There are numerous newspapers sites that could be useful for your genealogy research. Many of them would gladly have you as a paid subscriber. But how do you know which one is worth spending your money on? Here's how to find the newspaper site that's best for you.
Note that I said "best for you." There is no single "best" newspaper site. The site that's best for me may not be the best for you. Here's why:
No newspaper website has all of the newspapers. There is some overlap between the sites, but their coverage does vary. Newspapers.com has different papers than NewspaperArchive which has different newspapers than GenealogyBank.
The best newspaper site for your genealogy is the one that has the newspapers that you need.
(If you don't know what newspapers existed for your ancestor's hometown, check out my post on how to identify those.)
Before You Pay for a Newspaper Website Subscription
If you're thinking about subscribing to a newspaper site and you're interested in U.S. newspapers, check out Chronicling America at the Library of Congress. This free website has more than 12 million pages of digitized, full-text searchable U.S. newspapers. You might find what you need right there (and can leave your credit card in your wallet).
Check out Kenneth Marks' incredible list of available digitized newspapers. Some are free and some are part of a subscription site. The newspaper you need might be free on a library or university website.
If the newspaper you need isn't free somewhere, check with your local public library to see what subscriptions they have. You might have to use a particular subscription at the library (rather than connecting from home), but it can save you some money.
Check the Titles and Years Included
If Chronicling America or other free sites don't have what you're looking for and you're thinking about paying for a subscription somewhere, check what titles the site has and what years it includes. No sense paying for a subscription site if it doesn't have newspapers that will help you!
On Newspapers.com, click on the "Papers" tab near the top of the page. On the new page, you should see a map on the left-hand side of the page. Click on the state you're interested in and you'll get a list of all of the newspapers they have for that state.
NOTE: They may not have all of the newspapers for all of the years listed. Look at the number of pages that title includes. For example, they have the Cass County (Michigan) Republican from 1858-1880. However, there are only 1,248 pages. Even if it's a weekly paper, that isn't very many pages to cover 22 years; there are likely issues that are missing.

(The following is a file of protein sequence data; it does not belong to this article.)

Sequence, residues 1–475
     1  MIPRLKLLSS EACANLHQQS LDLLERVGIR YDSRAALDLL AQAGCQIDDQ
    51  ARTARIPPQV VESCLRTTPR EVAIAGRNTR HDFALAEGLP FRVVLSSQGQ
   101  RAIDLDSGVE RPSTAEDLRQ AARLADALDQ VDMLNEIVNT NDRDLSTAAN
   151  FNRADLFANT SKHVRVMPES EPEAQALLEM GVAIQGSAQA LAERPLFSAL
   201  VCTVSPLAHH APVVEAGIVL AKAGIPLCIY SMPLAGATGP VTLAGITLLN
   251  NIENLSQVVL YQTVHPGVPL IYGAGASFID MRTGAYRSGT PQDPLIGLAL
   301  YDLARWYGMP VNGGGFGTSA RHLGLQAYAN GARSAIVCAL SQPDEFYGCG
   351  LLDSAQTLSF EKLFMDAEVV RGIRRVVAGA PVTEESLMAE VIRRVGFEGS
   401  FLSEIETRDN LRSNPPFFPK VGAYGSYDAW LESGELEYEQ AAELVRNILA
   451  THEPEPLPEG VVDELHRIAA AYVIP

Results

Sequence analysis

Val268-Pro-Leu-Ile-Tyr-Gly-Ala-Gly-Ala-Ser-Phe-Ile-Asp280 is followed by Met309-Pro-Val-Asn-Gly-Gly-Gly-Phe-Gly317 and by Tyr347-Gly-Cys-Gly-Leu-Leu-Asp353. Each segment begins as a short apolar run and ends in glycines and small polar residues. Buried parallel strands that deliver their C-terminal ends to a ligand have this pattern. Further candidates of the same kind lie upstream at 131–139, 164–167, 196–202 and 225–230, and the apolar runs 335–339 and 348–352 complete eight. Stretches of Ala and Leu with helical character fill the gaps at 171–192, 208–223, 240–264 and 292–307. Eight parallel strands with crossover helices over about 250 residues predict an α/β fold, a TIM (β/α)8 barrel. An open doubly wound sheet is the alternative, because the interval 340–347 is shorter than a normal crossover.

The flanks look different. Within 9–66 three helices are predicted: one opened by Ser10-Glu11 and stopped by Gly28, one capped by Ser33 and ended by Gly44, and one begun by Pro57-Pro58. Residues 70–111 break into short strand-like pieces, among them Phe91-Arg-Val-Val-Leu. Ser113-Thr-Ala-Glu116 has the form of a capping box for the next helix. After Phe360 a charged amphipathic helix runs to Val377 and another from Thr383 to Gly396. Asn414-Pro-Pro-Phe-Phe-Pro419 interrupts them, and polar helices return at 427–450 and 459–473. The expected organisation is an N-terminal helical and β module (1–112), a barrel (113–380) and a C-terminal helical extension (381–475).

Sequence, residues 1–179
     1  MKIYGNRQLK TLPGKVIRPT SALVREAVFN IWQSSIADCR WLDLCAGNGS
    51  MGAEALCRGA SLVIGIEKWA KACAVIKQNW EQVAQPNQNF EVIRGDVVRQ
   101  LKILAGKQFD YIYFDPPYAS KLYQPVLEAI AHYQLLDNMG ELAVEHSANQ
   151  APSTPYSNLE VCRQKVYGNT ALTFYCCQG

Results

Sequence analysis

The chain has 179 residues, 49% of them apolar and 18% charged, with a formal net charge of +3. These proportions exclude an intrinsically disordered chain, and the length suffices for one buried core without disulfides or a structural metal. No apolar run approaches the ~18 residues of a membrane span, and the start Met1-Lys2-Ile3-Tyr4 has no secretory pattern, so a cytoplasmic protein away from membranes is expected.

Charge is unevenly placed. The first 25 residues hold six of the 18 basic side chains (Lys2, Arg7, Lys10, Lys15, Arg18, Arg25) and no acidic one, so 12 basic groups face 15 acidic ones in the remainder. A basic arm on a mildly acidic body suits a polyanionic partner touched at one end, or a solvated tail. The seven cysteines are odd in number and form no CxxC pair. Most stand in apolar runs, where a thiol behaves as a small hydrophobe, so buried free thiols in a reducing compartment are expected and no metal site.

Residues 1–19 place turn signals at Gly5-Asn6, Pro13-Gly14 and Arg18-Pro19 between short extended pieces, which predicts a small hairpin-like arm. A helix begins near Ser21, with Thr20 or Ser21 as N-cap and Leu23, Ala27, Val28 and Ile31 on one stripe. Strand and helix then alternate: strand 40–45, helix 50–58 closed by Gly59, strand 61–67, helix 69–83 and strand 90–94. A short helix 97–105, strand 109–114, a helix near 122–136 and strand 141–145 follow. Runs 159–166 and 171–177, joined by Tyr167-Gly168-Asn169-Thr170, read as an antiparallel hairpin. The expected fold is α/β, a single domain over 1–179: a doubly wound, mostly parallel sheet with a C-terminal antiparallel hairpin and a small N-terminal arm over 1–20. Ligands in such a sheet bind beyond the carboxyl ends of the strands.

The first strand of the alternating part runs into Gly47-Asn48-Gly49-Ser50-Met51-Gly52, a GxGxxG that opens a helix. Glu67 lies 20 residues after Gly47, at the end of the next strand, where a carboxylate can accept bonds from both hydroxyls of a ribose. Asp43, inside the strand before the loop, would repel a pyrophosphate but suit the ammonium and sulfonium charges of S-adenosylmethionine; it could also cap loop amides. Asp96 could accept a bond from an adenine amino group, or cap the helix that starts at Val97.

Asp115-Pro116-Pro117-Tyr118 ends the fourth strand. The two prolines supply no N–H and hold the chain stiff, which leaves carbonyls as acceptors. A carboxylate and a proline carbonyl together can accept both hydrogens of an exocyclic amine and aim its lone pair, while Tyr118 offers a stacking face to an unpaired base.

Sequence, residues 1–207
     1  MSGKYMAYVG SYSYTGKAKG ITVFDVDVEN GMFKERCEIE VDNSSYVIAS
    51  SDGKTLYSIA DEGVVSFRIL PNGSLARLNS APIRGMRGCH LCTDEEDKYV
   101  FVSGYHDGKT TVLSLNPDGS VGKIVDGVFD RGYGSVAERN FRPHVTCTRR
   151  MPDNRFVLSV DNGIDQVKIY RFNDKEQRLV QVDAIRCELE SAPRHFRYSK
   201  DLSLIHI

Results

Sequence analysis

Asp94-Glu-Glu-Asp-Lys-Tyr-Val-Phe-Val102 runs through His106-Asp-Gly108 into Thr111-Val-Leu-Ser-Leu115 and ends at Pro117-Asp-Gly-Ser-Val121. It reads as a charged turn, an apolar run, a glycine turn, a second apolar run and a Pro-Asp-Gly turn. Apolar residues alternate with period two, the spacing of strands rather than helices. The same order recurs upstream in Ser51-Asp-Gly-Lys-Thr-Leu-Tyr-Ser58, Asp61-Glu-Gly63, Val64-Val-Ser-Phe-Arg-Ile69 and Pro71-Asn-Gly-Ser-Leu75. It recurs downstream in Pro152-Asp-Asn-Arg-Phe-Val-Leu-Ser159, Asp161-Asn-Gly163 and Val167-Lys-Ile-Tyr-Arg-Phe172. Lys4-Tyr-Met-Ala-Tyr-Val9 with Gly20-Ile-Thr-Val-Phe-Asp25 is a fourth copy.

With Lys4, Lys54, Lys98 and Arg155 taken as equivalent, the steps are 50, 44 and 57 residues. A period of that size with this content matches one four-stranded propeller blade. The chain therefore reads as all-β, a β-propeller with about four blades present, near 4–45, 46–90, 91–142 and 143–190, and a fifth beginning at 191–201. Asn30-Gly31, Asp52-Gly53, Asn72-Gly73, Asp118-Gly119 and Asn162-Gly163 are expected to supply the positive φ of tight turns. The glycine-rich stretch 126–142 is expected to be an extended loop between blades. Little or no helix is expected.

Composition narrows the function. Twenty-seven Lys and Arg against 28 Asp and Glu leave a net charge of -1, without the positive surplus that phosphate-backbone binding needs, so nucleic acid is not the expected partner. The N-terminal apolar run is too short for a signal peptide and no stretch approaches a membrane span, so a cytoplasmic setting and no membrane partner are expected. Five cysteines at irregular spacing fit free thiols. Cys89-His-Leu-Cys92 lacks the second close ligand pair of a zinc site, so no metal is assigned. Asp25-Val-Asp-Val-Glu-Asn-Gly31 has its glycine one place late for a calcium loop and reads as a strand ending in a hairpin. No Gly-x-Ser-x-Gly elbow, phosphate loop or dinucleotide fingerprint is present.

On GenealogyBank, scroll down the page to find the map of the U.S. Click on the state you're interested in and you'll get a list of the titles they have and the years they cover.
NOTE: On GenealogyBank, some titles are "Recent Obituaries," which means that it is not the full newspaper; it is only the obituaries. Also, note that any given title could have missing issues from the years listed. Unfortunately, GenealogyBank doesn't list the page count for a specific title, so it is difficult to see how complete their coverage is.
NewspaperArchive is the most cumbersome to determine what titles are available. First, you need to scroll down to the very bottom of the page and click on the link to the state you want. Then you have to click on the city. They also do not indicate the page count for specific titles. However, when you are on a specific newspaper's page, you can use the calendar function under "Browse by Date" to see what is available. For example, even though they say they have the Granville (Ohio) Times from 1880-1987, I can use the year dropdown and see that they do not have any issues between 1955 and 1987.
Newspapers are a "must" in genealogy research. Check what's available for free first. Before you dig into your wallet for a subscription site, dig into what newspapers that site has. No use paying for something that doesn't have what you need.